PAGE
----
Members of the ETHS/NU A Capella perform at Diverse Evanston Walks United. RoundTable photo

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Youth Organization Umbrella (Y.O.U.) held its 8th annual Diverse Evanston Walks United, a community-wide celebration of peace, diversity, unity, leadership and service, on Martin Luther King Day.

 The celebration, held at the Music Institute of Chicago, began and ended with videos that showed segments of Dr. King’s life. Y.O.U. students read parts of Dr. King’s speeches and recited some of his well-known quotes. They also read poems and sang songs during the celebration.
 
The event was punctuated with four short speeches. In addition, Don Baker and Delores Holmes, who have been active in the community for 40 years, were presented with “What it Takes Awards.”
 
Seth Green, executive director of Y.O.U., put the event in context. “We have made great progress toward legal equality in this country,” he said. “But at the same time, we have increasingly sophisticated labor markets. And we have a widening income gap based on educational opportunity. The income and educational structure has all been built upon the historic inequities that have already existed.

“What it takes to realize Dr. King’s dream today is not as much about courtrooms, though that is important. It’s even more about classrooms and about ensuring children equity in educational opportunity in school and out of school for all children independent of circumstances.

“When we come together in creating an ecosystem where all kids have opportunities,” Mr. Green continued, “only then can we transcend the evils of our history and truly recognize Dr. King’s transcendent vision of youth being judged by the content of their character and communities like ours having access to all of the unlimited potential of their youth.”

Charles Jefferson, a Y.O.U. alumnus and currently a student at Columbia College, referred to the violence in Chicago and in Evanston. “I’m tired of hearing stories of young people being killed. It’s not fair. We have to band together. It is not a white thing. It’s not a black thing. It’s a community thing because we are all in this together. This affects us all. We have to take back our communities. It’s about giving our youth a chance to express themselves.”

Kathy Graves, site coordinator of Y.O.U.’s after-school program at Nichols Middle School, said the world does not look the same as when Dr. King advocated for change. But, she said, “There are still things holding us back, and more importantly, holding our youth back.”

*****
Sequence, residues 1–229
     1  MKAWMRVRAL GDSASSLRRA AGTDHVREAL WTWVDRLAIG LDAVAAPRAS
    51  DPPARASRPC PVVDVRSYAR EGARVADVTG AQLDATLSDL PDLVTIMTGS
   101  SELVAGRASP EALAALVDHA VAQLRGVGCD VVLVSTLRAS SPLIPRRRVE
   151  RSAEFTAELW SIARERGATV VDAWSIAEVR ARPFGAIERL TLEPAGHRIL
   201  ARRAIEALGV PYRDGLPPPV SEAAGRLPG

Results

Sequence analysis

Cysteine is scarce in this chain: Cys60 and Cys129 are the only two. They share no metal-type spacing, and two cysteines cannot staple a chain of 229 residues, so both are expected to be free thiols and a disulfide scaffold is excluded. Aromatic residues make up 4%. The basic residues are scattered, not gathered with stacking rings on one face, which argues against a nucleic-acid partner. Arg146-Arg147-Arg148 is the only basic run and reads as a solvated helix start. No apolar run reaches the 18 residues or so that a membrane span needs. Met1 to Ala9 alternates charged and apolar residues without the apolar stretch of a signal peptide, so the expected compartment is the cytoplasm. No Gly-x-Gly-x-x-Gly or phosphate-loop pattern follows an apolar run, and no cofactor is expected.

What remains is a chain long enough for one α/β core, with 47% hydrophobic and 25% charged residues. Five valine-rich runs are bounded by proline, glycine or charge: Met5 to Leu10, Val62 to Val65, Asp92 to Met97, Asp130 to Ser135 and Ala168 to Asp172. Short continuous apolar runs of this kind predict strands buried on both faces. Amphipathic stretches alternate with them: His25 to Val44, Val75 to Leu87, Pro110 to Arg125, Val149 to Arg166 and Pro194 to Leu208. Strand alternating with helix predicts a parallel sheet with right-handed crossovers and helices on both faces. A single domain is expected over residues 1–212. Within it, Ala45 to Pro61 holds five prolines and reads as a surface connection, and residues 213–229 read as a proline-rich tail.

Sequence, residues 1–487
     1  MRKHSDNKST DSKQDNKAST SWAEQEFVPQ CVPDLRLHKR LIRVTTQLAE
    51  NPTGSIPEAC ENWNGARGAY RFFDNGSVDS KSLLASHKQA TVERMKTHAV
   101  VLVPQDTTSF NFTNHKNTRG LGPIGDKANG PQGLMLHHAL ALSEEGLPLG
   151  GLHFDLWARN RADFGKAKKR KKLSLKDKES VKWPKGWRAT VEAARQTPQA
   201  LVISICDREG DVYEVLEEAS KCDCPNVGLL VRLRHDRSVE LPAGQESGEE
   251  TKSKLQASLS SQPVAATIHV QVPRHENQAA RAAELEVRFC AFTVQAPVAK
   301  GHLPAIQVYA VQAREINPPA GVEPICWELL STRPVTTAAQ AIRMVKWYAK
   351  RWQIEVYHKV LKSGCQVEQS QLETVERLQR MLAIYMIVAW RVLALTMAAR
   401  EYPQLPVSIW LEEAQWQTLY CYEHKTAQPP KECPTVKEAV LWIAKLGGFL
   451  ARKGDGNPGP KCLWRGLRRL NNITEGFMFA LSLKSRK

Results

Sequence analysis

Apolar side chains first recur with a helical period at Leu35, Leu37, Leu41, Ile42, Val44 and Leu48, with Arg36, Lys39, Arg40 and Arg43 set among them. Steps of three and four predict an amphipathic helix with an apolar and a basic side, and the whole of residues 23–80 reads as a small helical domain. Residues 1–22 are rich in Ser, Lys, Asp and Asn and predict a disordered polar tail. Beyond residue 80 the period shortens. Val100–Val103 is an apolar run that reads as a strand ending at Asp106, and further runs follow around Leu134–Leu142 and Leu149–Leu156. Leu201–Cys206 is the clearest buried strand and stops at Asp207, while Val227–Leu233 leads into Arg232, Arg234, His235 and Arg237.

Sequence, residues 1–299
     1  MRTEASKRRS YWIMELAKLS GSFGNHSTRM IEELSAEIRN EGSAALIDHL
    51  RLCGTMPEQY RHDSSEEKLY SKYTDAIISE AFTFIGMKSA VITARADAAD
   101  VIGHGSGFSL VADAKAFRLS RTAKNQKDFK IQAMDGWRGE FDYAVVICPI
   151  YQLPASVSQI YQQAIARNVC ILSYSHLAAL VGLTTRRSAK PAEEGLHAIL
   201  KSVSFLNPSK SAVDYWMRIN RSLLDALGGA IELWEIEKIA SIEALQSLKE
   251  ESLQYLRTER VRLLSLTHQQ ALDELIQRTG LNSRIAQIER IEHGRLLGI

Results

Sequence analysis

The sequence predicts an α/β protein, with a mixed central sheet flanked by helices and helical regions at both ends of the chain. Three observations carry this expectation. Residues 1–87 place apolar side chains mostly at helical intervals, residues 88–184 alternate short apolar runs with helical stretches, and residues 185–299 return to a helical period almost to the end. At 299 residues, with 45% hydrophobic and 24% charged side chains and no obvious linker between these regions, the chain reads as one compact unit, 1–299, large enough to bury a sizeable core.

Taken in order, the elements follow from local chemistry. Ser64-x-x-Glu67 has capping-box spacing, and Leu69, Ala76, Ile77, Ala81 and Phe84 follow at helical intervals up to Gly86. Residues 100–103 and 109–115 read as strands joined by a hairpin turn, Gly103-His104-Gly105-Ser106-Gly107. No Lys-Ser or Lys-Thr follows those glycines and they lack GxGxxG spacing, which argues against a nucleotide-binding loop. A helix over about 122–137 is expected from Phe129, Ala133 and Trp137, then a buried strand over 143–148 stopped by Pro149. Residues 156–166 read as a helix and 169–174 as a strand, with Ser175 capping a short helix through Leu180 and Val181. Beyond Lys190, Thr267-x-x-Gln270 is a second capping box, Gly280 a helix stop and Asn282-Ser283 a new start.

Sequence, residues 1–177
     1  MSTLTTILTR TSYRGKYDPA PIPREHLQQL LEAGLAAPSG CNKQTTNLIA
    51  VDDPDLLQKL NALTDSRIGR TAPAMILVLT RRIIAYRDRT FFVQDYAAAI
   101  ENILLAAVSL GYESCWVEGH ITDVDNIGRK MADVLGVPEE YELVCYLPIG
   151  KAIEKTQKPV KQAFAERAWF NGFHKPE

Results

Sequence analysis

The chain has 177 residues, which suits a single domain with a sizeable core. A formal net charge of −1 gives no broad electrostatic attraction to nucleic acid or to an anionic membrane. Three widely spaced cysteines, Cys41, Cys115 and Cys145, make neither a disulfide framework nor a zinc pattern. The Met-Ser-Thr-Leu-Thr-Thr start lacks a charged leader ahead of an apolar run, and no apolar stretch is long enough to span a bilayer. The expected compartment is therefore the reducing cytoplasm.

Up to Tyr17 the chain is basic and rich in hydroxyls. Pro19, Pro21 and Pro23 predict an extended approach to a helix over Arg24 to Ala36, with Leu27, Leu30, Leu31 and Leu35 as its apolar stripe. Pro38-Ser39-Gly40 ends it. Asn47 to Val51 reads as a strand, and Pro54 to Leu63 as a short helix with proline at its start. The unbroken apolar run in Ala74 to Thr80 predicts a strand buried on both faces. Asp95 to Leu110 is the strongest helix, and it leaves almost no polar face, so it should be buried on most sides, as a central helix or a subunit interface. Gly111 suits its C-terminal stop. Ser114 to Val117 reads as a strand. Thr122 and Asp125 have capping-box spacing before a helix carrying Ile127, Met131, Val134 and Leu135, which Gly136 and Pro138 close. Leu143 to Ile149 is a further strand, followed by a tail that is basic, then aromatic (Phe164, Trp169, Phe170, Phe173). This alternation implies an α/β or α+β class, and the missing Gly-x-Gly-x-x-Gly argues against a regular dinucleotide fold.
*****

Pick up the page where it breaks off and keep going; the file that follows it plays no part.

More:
Addressing youth in the audience, Ms. Graves said, “Beyond his dream, Dr. King had a vision. He saw it; he believed it; and he spoke it. … Create your vision – the vision for your future, your life, the vision for the world, and hold on to it.  Dr. King raised his voice to change the world, and young people, you can do the same. Use your voice as your weapon of choice. Violence is not the answer, but speaking up and speaking out is. … If one man’s voice, one man’s vision, one man’s dream could move a nation, why can’t yours?”

Richard Hubbard, a Y.O.U. Board member, said, “This is a community of deeds, committed to opening the door of opportunity to all of God’s children, in Dr. King’s words. We all know the cliché “it takes a village to raise a child,” but it really captures the spirit and commitment of Evanston. We have a vibrant city, a community dedicated to social equality – our schools, our City government, our numerous volunteering …”

Some final quotes of Dr. King recited were, “Darkness cannot drive out darkness; only light can do that. Hate cannot drive out hate; only love can do that,” and “Free at last, free at last. Thank God, I’m free at last.”

Don Baker and Delores Holmes received What It Takes awards.
 
In 1971, Mr. Baker served on the Evanston Youth Commission that ultimately led to the founding of Y.O.U. Over the next four decades, under his leadership, Y.O.U. helped more than 15,000 youth.

Ms. Holmes served as the director of Family Focus-Evanston for 27 years. She has served as the alderman for the Fifth Ward since 2005.

Barb Hiller, chief administrative officer of School District 65, described Mr. Baker  as a deep listener, a trust builder, as sensitive and honest at the same time, and as a behind-the-scenes worker. “I can boil it down to one word: relationships,” said Ms. Hiller. “It’s an important word that refers to everything we do, teaching, listening, consulting and advising. Don is certainly the epitome of that.”

 Mayor Elizabeth Tisdahl said of Ms. Alderman Holmes, Delores is not only a long-term member of this community, she is a brilliant woman. She is not only very smart, she is very wise, and that is why we always say, ‘Have you checked with Alderman Holmes’ or ‘I’m going to check with Alderman Holmes.’ That’s why the City is in as good shape as it is in. She has incredible wisdom.”